Found 4 article(s) for author 'World Bank'

China’s Overseas Lending

China’s Overseas Lending. Carmen Reinhart, July 2017, Paper, “Compared with China’s dominance in world trade, its expanding role in global finance is poorly documented and understood. Over the past decades, China has exported record amounts of capital to the rest of the world. Many of these financial flows are not reported to the IMF, the BIS or the World Bank. “Hidden debts” to China are especially significant for about three dozen developing countries, and distort the risk assessment in both policy surveillance and the market pricing of sovereign debt. We establish the size, destination, and characteristics of China’s overseas lending. We identify three key distinguishing features. First, almost all of China’s lending and investment abroad is official. As a result, the standard “push” and “pull” drivers of private cross-border flows do not play the same role in this case. Second, the documentation of China’s capital exports is (at best) opaque. China does not report on its official lending and there is no comprehensive standardized data on Chinese overseas debt stocks and flows. Third, the type of flows is tailored by recipient. Advanced and higher middle-income countries tend to receive portfolio debt flows, via sovereign bond purchases of the People’s Bank of China. Lower income developing economies mostly receive direct loans from China’s state-owned banks, often at market rates and backed by collateral such as oil. Our new dataset covers a total of 1,974 Chinese loans and 2,947 Chinese grants to 152 countries from 1949 to 2017. We find that about one half of China’s overseas loans to the developing world are “hidden”.Link

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Gains from Foreign Direct Investment: Macro and Micro Approaches World Bank’s ABCDE Conference

Gains from Foreign Direct Investment: Macro and Micro Approaches World Bank’s ABCDE Conference. Laura Alfaro, March 23, 2016, Paper. “This paper discussed the importance of an “integrated approach” to the study of the effects of FDI on host countries. Macro-level work that examines countries at different stages of development and institutional capacity is needed to surface the role of local conditions and absorptive capacities; micro-level work, that is firm-level data in developed as well as developing nations, to understand the mechanisms that impart substance to the anticipated benefits; and theoretical work to guide the analyses. The paper summarizes likely motives for foreign direct investment and potential effects of FDI on local economies as well as recent findings from the macro literature on the role of complementarities between FDI and local policies, conditions, and institutions and summarizes new efforts to understand the micro mechanisms and channels by which host countries can benefit from multinational activity, within and between firm productivity increases.Link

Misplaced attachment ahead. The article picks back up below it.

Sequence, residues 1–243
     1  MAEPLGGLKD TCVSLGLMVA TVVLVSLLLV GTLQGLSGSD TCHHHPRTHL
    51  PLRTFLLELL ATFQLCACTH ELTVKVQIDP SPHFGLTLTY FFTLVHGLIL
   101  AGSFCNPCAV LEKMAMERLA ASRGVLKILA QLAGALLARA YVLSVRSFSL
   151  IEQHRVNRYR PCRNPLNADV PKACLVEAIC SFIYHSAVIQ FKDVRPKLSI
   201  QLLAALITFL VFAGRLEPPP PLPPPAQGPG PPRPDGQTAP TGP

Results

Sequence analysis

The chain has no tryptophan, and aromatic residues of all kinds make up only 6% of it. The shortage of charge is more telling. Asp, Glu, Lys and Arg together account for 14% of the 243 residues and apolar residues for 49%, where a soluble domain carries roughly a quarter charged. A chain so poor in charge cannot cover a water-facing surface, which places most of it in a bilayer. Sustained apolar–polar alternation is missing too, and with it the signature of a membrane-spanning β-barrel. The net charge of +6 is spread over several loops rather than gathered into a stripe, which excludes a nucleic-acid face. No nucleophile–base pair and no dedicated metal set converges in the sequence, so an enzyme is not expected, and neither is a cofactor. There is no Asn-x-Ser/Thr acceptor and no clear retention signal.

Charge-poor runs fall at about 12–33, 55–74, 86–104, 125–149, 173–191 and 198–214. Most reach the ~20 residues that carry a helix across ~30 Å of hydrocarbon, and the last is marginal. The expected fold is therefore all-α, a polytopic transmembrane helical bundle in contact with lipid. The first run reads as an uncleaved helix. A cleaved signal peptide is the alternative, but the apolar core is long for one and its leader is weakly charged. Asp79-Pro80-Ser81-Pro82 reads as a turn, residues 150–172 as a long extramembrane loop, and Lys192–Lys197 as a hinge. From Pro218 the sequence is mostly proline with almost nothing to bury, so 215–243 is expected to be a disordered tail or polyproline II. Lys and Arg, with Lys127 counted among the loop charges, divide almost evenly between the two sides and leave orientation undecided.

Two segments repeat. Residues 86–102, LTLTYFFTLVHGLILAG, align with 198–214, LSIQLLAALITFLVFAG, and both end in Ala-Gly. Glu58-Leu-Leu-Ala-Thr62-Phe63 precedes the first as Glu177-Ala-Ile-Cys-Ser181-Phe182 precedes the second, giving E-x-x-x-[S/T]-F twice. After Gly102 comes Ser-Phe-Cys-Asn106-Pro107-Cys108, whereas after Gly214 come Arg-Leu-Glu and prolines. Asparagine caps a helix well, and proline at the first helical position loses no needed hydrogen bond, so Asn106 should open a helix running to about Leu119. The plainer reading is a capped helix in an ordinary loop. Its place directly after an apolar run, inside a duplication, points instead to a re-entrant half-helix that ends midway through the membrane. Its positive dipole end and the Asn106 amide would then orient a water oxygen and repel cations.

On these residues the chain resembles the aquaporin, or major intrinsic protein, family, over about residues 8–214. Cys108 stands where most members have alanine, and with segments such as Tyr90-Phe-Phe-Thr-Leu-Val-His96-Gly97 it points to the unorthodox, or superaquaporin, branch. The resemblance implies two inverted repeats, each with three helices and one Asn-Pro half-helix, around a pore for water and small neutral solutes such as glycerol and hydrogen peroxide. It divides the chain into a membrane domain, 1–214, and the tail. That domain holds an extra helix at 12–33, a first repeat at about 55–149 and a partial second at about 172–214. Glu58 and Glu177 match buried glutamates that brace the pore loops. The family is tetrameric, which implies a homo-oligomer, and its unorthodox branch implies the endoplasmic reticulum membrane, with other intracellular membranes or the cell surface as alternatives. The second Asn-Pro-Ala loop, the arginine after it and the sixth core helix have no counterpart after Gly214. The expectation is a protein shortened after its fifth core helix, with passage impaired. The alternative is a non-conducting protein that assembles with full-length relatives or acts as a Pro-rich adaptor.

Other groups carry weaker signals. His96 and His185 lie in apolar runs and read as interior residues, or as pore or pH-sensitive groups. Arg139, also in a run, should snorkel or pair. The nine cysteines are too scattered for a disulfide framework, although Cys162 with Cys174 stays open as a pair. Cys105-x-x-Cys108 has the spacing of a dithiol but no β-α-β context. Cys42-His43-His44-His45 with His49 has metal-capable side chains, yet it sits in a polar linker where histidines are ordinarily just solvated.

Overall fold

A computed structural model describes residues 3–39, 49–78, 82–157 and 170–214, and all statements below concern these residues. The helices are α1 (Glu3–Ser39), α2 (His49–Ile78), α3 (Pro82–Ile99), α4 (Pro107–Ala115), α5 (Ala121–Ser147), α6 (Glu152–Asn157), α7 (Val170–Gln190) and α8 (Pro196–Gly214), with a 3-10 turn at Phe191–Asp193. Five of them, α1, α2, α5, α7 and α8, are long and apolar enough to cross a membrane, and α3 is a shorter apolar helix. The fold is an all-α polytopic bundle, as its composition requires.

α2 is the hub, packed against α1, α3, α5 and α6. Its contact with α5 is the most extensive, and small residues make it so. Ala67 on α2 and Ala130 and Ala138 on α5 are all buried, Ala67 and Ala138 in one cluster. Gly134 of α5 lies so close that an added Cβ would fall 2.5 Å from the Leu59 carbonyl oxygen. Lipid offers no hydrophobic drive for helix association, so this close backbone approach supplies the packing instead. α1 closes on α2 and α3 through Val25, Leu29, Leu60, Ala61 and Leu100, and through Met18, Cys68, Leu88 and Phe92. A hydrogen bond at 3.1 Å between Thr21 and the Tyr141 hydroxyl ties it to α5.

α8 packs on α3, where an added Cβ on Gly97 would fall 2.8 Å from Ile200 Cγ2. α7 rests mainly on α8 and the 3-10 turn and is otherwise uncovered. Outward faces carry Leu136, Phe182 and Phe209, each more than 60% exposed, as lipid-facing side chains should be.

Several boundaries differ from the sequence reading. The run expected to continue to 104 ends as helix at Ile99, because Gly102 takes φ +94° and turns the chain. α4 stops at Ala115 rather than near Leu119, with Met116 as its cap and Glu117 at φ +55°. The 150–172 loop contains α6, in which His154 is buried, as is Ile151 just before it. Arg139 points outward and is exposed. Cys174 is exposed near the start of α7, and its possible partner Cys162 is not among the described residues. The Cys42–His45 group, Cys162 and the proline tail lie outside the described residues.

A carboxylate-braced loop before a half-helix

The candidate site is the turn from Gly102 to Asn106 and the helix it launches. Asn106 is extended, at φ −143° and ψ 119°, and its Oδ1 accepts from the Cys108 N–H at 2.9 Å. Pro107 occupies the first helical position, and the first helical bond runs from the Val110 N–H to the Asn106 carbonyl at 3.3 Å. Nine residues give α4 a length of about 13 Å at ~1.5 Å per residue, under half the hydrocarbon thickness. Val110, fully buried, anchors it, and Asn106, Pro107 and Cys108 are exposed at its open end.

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The New Role for the World Bank

The New Role for the World Bank. Michael Kremer, November 22, 2015, Paper. “The World Bank was founded to address what we would today call imperfections in international capital markets. Its founders thought that countries would borrow from the Bank temporarily, until they grew enough to borrow commercially (NAC 1946, p. 312; Black 1952). The Bank could arguably address capital market failures if private banks would not lend to truly creditworthy projects in developing countries out of fear that they would not be repaid.Link

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Seeding Growth in the Democratic Republic of the Congo

Seeding Growth in the Democratic Republic of the Congo. Ray Goldberg, December, 2013, Case. “By 2013, the agricultural sector in the Democratic Republic of the Congo (DRC) had long suffered from war, political instability, and dilapidated infrastructure. A country with 75 million inhabitants and the second lowest GDP per capita in the world in 2011, the DRC’s most pressing task was to grow its agriculture sector and cultivate its 80 million hectares of fertile land. This case explores how a developing country could create a comprehensive strategy to implement the necessary institutional, political, and social frameworks needed to support sustainable agricultural developments and rise out of long-term poverty…” May require purchase or user account. Link verified June 19, 2014

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